These questions must strike to the heart of any production of Henry V, but the Actors' Shakespeare Project doesn't attempt to answer (or even formulate) them. Normi Noel's production is worth seeing as a thoughtful, well-spoken rendition of the text, but it never takes up the gauntlet Shakespeare has thrown down to his interpreters - indeed, this version plays as a kind of limp feminine "twin" to Laurence Olivier's famously patriotic, superficial film from 1944 (which deleted most of the troubling subplots from the play). Of course Sir Larry was trying to face down Hitler with his version, so he gets a pass on its revisionism; and I suppose Ms. Noel is trying to face down the Bush administration (which trust me, I hate as much as the next girl) - but somehow, that doesn't seem as compelling an excuse for dodging the play's content. Didn't Kenneth Branagh somehow manage the trick of deconstructing Harry after Vietnam (above left)? Surely some similar balance still exists after "shock and awe," but Noel doesn't find it.
As a result, the production is admirable, but never compelling. It doesn't help that only five actors double and triple their way through the required cast of thousands. To their immense credit, they distinguish just about every role, and manage the French (if not the Welsh) accents well, and in one good moment run off as the nobility only to run right back on as the rabble. But all the doubling also renders some juxtapositions obscure; the same actor plays Henry and Bardolph, for example, which makes sense as literary, but not as dramatic, comment, and the doubling of Williams and Pistol muddied a few key exchanges at Agincourt. Other whipsaw changes in scene and mood - from the vasty fields of France to the royal boudoir, for instance - are rendered all the more wobbly by actors who've just tossed off their chain mail. And while sensitively handsome newcomer Seth Powers certainly looks the part of Henry, he charts no arc in a role that demands one; he comes on pensive, as if he's already heard that Falstaff's dead, and stays that way till he's in Princess Katherine's arms (he does take a time-out for a solid rendition of the St. Crispin's Day speech). More outward power matched with inner doubt would be more the thing, methinks. There are better performances around him, particularly Ken Cheeseman's creepily decrepit Charles VI, Paula Langton's wry chaperone to Katharine, and Doug Lockwood's reliable comic timing in his roles as Nym and Gower.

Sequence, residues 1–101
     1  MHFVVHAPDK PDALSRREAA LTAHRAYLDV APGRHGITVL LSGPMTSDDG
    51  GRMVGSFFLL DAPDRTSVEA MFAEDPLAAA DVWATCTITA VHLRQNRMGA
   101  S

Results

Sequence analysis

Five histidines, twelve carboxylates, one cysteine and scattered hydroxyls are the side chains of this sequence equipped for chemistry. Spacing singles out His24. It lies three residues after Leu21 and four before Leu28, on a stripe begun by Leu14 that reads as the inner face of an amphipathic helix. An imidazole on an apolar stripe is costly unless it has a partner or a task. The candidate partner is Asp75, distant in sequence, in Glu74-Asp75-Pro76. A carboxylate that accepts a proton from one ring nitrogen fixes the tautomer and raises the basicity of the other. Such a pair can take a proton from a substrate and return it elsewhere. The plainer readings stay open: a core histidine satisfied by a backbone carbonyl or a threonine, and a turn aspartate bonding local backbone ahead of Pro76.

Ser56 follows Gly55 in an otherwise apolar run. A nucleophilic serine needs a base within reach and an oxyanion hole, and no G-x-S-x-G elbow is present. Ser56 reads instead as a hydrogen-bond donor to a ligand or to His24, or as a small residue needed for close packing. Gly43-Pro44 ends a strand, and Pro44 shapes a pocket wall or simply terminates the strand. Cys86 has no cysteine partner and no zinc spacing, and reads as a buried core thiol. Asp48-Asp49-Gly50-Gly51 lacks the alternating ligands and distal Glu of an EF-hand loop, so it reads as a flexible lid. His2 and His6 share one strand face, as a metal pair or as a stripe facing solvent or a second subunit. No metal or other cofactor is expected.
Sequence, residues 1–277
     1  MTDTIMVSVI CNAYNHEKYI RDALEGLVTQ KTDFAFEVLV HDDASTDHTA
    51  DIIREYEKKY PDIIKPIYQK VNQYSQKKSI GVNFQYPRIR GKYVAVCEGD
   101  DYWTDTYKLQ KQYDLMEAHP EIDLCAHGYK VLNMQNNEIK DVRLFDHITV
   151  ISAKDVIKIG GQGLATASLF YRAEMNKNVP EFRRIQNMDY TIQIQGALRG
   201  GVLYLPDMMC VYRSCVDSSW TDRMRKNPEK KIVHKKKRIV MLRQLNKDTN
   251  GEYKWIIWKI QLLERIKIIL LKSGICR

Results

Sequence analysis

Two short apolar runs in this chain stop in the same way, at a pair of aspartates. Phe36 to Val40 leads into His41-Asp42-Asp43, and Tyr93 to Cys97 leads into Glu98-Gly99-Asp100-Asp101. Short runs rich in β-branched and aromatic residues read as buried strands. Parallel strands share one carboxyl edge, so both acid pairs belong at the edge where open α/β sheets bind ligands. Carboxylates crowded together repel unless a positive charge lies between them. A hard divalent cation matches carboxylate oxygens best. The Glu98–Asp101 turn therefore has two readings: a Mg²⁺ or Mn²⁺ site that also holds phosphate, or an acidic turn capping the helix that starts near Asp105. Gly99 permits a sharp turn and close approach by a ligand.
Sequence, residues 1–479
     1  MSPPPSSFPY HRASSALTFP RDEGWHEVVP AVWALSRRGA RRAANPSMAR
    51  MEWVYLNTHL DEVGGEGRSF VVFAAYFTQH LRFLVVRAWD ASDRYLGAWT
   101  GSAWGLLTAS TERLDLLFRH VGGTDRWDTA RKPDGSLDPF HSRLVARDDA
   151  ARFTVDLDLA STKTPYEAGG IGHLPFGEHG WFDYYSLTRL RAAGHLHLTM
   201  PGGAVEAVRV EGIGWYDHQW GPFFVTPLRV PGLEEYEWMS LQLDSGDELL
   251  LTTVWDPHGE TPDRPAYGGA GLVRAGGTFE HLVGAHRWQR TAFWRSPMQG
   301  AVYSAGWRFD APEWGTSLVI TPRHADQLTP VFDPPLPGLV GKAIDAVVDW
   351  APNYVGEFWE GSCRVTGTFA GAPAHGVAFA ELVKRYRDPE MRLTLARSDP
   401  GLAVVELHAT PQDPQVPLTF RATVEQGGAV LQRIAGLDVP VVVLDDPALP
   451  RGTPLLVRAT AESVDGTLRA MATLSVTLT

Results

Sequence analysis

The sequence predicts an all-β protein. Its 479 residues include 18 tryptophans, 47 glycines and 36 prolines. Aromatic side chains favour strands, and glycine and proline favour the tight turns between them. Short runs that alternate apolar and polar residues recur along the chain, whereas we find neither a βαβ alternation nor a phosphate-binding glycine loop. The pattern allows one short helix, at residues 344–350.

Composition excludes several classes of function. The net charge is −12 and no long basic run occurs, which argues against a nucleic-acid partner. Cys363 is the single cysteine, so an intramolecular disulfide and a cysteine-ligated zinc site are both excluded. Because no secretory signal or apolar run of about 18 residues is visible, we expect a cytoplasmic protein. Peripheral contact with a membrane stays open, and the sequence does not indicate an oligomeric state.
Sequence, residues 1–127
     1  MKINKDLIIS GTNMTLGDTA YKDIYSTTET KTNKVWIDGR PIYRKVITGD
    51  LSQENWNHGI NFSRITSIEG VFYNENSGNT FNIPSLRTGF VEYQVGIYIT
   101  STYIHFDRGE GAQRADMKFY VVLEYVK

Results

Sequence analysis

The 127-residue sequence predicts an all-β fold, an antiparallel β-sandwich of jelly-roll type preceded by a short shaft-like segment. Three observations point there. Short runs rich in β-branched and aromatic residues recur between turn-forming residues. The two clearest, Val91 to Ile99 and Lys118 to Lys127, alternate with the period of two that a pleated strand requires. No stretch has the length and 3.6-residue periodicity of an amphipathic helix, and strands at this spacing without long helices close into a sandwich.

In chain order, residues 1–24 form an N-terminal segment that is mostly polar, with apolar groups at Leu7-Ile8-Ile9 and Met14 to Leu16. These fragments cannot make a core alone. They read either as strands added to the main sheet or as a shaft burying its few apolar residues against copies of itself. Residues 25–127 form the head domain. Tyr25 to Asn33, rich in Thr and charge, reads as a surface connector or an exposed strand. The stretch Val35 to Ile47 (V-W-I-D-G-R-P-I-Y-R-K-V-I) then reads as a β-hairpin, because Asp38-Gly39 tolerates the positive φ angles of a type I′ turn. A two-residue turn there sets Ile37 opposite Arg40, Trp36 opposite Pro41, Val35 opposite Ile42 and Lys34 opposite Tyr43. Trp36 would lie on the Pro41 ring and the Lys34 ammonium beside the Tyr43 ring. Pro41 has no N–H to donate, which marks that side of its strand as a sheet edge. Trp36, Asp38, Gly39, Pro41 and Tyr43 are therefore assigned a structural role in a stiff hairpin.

But then there's that pillar. I'm half-onboard the ASP's commitment to unusual spaces around town, but really, their Harvard Square digs, at least as configured here, have limits you just can't get around: for long sequences, I was watching Henry's back, as he conversed with someone else who was blocked by the pillar. To hell with the "brightest Heaven of invention" - I'd settle for an unobstructed view!